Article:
The share economy landlord

The share economy landlord

The rise of the share economy is producing a new breed of landlord – many of whom are unaware of their tax obligations.
 
The number of people offering their homes on sites like Airbnb, HomeAway and VacationRentals is increasing exponentially. There are currently more than 50,000 Australian properties listed on Airbnb alone.

Airbnb hosts earn an average income of $7,100 per year by renting out their homes occasionally to supplement their incomes. But many hosts are failing to declare this income, and, if they think they will fly under the radar, they may be in for a shock.
 
The ATO has specifically identified this income type as a target for FY16. Last May the ATO released advice on the implications of the share economy and noted that the tax rules apply regardless of how the rental house or room is advertised.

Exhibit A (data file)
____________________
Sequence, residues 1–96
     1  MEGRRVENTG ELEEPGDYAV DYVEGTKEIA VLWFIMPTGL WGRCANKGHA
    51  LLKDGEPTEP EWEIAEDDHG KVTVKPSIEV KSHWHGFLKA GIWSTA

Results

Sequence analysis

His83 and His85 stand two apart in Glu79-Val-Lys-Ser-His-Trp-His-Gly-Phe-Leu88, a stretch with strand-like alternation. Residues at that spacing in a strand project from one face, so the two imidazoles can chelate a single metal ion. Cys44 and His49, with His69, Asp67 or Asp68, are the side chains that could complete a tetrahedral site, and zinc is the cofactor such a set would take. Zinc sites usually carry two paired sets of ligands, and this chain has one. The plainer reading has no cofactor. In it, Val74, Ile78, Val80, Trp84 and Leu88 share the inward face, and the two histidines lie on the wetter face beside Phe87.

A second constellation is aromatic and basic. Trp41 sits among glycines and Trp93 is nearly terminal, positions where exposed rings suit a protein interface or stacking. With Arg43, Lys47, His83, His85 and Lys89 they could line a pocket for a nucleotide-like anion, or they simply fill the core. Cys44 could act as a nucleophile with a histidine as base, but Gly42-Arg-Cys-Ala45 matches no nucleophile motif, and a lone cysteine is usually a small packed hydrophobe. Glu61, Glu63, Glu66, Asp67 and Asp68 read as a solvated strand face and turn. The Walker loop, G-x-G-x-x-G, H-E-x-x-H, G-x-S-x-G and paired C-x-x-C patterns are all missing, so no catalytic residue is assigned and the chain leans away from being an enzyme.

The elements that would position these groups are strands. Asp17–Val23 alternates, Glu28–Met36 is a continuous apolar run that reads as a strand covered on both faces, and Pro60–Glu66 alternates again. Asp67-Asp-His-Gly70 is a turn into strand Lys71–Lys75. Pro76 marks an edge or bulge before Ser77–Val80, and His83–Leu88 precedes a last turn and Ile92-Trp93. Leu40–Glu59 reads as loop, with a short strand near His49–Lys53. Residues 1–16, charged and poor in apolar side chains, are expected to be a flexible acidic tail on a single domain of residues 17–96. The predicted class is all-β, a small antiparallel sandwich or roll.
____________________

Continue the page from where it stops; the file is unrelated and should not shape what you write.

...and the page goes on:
The ATO will also be able to easily identify properties being used for this sort of short-stay accommodation, with access to numerous sources of third party data and the sites themselves (which list the properties and their addresses/owners). It’s then a case of matching tax returns with this income information.
 
While any income earned from renting out property (including just one room) must be declared in the host’s income tax, the expenses incurred are also usually deductible.
 
A lesser known tax implication for hosts relates to capital gains tax (CGT). Many people make the incorrect assumption that any profit on the sale of the family home (or primary residence) is tax-free. However, if the property was used to generate an income, such as by renting out a room via Airbnb, then the owner could face a CGT bill when they sell the home.
 
Anyone looking at entering into this kind of rental provision should speak with their financial advisors to make sure they understand all of the tax implications. In addition, the owner should also check on their insurances to make sure they and their property is properly covered.
 
 
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